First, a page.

I'm not sure if this film is being screened theatrically in the US in its native Japanese, but I'd love to see it that way some day (the UK version of the film has some impressive big names doing voice work as well; please include all versions on the DVD, Disney folks). But however you see it, the magic and heart are undeniable. I actually saw this twice before writing this review, just because I loved it so much. I miss the years when Ghibli doesn't put something out in the US, and this year just got a whole lot better as of this week because of a little girl who uses a small chip clip to hold her hair back. This really is one of the best things to be released so far this year; support this form of artistry or die trying.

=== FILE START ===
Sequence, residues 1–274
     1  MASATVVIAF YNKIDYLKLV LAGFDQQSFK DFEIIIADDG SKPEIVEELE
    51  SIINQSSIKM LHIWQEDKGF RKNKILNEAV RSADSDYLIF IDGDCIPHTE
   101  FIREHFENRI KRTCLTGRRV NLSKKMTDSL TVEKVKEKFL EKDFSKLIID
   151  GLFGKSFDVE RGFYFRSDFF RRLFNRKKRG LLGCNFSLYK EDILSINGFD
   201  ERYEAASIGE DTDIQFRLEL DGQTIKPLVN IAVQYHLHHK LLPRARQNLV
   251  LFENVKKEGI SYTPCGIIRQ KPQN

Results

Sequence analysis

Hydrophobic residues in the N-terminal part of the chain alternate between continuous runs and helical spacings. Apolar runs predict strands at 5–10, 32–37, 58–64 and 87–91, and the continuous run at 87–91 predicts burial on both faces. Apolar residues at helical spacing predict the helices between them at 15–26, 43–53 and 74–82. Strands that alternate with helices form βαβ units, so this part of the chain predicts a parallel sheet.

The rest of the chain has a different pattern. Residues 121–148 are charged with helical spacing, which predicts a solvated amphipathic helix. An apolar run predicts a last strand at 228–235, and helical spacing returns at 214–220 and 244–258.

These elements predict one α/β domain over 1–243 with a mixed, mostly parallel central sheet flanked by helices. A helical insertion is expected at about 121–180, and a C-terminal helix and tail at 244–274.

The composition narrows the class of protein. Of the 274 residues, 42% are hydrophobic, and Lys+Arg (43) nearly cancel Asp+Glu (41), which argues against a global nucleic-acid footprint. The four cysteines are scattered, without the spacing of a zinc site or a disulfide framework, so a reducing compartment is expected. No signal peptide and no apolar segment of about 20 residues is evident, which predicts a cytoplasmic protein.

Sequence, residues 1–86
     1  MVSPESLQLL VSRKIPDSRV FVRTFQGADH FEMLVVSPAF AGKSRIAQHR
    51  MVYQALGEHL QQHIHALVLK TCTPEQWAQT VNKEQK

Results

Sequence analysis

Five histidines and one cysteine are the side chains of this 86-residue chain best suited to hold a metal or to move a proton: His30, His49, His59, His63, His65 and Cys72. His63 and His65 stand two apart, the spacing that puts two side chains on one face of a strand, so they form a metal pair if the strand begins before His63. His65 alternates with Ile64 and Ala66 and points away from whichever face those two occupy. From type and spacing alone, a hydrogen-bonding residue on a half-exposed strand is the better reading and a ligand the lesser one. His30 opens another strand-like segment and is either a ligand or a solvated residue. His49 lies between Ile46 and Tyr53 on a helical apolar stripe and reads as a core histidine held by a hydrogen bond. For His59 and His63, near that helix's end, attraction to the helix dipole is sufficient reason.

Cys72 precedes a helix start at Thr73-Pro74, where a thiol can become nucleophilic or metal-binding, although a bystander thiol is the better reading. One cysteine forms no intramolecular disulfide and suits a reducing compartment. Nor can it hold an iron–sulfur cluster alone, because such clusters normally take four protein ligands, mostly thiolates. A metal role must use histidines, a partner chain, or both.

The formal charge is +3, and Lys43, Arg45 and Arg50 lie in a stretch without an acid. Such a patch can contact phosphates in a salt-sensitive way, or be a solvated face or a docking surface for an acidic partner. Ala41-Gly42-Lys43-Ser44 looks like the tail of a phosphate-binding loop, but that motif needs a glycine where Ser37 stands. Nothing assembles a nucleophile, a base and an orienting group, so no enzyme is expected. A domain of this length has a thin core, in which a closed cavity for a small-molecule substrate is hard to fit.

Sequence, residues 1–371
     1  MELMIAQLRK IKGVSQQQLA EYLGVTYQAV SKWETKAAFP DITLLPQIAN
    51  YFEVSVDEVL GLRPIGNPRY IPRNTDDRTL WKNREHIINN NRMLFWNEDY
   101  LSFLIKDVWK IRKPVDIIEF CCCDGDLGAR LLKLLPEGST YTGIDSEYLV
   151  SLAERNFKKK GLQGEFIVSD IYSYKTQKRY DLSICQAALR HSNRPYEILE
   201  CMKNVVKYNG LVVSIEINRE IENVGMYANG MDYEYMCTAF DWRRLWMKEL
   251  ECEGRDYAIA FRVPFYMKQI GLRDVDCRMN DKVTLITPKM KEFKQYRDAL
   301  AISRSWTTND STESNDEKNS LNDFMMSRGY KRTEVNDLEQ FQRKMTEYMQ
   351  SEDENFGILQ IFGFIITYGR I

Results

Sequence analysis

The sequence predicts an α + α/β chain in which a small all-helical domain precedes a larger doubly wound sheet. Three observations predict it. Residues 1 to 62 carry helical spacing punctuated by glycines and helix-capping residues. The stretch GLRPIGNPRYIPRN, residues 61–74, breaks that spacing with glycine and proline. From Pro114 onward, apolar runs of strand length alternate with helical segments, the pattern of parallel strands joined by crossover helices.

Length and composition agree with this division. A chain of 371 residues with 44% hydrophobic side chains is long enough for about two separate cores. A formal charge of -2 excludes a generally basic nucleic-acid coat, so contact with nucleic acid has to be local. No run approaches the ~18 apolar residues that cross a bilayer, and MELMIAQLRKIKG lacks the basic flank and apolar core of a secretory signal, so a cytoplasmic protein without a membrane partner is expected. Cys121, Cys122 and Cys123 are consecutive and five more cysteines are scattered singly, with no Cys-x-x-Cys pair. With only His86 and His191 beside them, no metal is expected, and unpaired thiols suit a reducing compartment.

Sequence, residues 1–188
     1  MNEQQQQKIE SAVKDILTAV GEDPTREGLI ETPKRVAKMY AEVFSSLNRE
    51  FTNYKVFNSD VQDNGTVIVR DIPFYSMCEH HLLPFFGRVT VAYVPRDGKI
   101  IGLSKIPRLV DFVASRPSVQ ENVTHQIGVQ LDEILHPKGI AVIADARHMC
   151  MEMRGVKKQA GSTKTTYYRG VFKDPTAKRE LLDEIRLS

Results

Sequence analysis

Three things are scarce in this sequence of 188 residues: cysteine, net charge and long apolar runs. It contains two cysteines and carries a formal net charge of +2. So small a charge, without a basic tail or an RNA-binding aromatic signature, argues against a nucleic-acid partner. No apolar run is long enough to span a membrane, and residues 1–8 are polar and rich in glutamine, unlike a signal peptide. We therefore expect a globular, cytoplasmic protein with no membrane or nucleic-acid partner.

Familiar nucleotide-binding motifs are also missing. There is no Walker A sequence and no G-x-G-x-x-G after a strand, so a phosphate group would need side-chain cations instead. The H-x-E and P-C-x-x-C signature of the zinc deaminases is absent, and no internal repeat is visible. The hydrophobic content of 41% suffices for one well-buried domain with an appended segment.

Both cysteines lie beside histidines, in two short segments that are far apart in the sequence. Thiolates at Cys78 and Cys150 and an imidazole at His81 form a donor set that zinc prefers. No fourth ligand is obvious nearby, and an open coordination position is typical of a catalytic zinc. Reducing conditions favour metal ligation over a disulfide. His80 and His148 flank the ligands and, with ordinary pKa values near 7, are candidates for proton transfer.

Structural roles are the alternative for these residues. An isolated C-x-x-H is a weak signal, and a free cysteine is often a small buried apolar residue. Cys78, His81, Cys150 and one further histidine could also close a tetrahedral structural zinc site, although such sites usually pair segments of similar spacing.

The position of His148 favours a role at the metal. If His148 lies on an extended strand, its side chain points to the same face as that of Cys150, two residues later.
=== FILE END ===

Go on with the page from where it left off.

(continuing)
Following their previous powerful collaboration The Messenger from a couple of years ago, director/co-writer Owen Moverman and actor Woody Harrelson have created a very different animal with the help of co-writer and crime fiction master James Ellroy. Rampart is about Los Angeles police officer Dave Brown (circa 1999), who seems to have free reign over the streets he patrols and the life he leads off the job. An admitted bigot, he pulls over people he simply thinks are trouble and administers justice in his own unique and awful manner. But we're meeting Brown at the end of his run, with the department tired of covering for him and Internal Affairs looking to run him out of business.
Brown's home life isn't much more cohesive. He has managed to father children with a pair of sisters (Cynthia Nixon and Anne Heche), and has earned the nickname "Date Rape" because of what would appear to be a vigilante-style killing of a rapist he took part in. But even as the sisters attempt to get him to move out, a new woman (Linda, played by Robin Wright) has entered his life and given him hope that a life without the job might be worth living.